Dynamic Disk Explained

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This Itechguide offers a detailed explanation of Dynamic Disk. Then, it explains the different types of Dynamic Disk and ends with its features and benefits.

What is a Dynamic Disk?

What is a Dynamic Disk?

A Dynamic Disk is a Windows Operating System disk storage scheme that allows you to create spanned, striped, mirrored and RAID-5 volumes.

Spanned and striped volumes are disk storage schemes that span multiple physical disks but they are not fault-tolerant. Meaning that when one disk in the volume fails, data is lost.

However, RAID-5 and mirrored volumes provide fault-tolerance – failure of one physical disk that make up the volume does not necessarily lead to a data loss.

The concept of storage scheme is different from disk partition styles. Partition styles refer to the structure of the disk layout type (MBR or GPT) selected when you initialize a Disk.

Dynamic and Basic Disk storage schemes support both MBR or GPT disk partition styles.

Types of Dynamic Disk

Types of Dynamic Disk

To further explain this Microsoft Windows disk technology, this section discusses the 5 types of Dynamic Disk.

Simple Volumes

A Simple Volume is a disk dynamic volume created from a single physical disk. This type of volume is similar to the basic disk’s primary partitions and logical drives.

Spanned Volumes

Unlike a Simple Volume, a Spanned Volume creates volumes from more than 1 physical disk. It combines free spaces from multiple physical disks into a single logical volume.

To create a Spanned Volume, you require a minimum of 2 disks. It supports up to 32 disks.

Striped Volumes

Striped Volumes are created from same-sized, free spaces on two or more physical disks. These volumes do not offer fault tolerance. However, they provide improved I/O (input/output) performance.

Improved *I/O is achieved by distributing I/O requests across all the disks that make up the volume. This is one advantage of Striped Volumes over Spanned Volumes.

*This means that when you open files or save/update files on your PC, it responds faster. I/O effectively describes Input (Data Write) and Output (Date Read).

Mirrored Volumes

A Mirrored Volume is a Dynamic Disk that creates a single “mirrored” volume from 2 or more disks. “Mirror” means that data is written across all the disks that make up the volume.

By its definition, you can deduce that a Mirrored Volume is fault-tolerant. If one drive that makes up the volume fails, you should be able to rebuilt the volume from information available from the other disks.

However, the way Mirrored volumes are setup also means that data write is slower – since data has to be written to all the disks at the same time.

RAID-5 Volumes

A RAID-5 volume is a Dynamic Disk that stripes data and *parity information across 3 or more physical disks.

*Parity is a calculated value built into the RAID configuration. If one of the drives in the RAID-5 volume fails, the parity information is used to rebuild the RAID.
You require a minimum of 3 physical disks to create a RAID-5 Volume.

This type of Dynamic Disk offers fault-tolerance – when one of the drives fails, the volume can be recovered.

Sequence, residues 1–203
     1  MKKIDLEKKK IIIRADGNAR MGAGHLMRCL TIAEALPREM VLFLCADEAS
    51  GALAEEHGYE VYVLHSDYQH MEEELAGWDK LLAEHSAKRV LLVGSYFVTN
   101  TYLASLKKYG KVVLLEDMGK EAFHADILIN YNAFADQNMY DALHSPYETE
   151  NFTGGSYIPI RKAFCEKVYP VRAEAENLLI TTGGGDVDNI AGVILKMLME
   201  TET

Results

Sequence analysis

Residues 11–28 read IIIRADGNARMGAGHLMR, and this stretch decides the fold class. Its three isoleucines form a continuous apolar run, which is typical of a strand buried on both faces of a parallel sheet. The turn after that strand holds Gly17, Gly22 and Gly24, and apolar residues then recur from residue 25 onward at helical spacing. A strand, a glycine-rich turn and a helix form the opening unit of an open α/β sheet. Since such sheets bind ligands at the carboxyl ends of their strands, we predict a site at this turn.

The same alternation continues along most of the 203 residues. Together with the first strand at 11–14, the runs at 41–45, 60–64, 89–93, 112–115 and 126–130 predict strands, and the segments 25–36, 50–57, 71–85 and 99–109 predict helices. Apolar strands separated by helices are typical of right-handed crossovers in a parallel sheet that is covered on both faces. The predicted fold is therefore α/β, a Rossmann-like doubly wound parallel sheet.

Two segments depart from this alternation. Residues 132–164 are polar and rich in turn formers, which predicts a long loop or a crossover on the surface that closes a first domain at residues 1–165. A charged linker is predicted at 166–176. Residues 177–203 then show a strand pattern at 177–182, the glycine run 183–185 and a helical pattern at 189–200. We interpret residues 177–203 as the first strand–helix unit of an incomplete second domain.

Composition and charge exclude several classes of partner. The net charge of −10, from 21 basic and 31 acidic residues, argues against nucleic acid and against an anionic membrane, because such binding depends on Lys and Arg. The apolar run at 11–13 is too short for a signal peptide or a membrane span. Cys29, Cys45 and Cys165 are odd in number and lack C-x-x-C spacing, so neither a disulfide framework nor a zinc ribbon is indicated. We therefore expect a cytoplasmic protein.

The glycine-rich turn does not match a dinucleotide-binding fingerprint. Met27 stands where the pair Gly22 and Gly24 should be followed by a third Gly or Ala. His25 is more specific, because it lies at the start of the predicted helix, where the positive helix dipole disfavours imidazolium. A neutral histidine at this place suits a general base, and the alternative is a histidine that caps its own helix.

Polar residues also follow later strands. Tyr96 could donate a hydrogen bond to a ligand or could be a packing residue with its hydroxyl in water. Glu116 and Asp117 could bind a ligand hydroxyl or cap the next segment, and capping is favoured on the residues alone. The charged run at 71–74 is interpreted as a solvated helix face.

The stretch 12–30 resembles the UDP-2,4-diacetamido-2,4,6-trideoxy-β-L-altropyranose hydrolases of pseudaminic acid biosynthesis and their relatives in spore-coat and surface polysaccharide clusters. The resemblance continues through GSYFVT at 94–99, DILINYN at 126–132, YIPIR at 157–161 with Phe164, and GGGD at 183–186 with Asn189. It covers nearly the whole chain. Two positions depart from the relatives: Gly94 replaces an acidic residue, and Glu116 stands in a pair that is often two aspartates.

Features and Benefits of Dynamic Disk

Features and Benefits of Dynamic Disk

This final section discusses the top features and benefits of this Microsoft disk technology.

Create and Delete Different Disk Volumes

The first benefit of this technology is that it allows you to create or delete the different types of volumes discussed in the last section.

Another benefit of a Dynamic Disk over a Basic Disk is that Dynamic Disks can create volumes that span multiple physical disks. This offers the additional benefit of more space, improved performance (in some instances) and in some dynamic volume types, fault-tolerance.

Ability to Extend Simple and Spanned Volumes

If your partition runs out of space, you will be able to add more space if your created a Spanned or Simple Volume.

The only limitation is that there must a free, unallocated space on the disk. The unallocated space must also be to the right of the the volume you want to extend.

Create Fault-Tolerant Volumes

As discussed in the last section, you can create Mirrored and RAID-5 Volumes in Dynamic Disks. These 2 volume types support fault-tolerance.

Fault-tolerance means that if one of the disks fail, you are able to recover the volume and your data. This offers great benefits in if losing you data has serious financial consequences.

I hope I was able to successfully explain Dynamic Disk? I also hope that you found it helpful. If you found it helpful, kindly vote Yes to the “Was this post Helpful” question below.

Alternatively, you could ask a question, leave a comment or provide feedback with the “Leave a Reply” form found towards the end of this page.

Finally, for more Storage tech Itechguides, visit our Storage & Disk Technology Explained page. You may also find our Work from Home page very helpful.

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Victor Ashiedu is the Managing Editor of Itechguides.com. Before he started Itechguides.com, he worked in IT for close to 20 years. Having done all things tech all his career, he now focuses on making tech easier for others. Victor writes "How to" guides, "Fix it" guides, reviews and buying guides.

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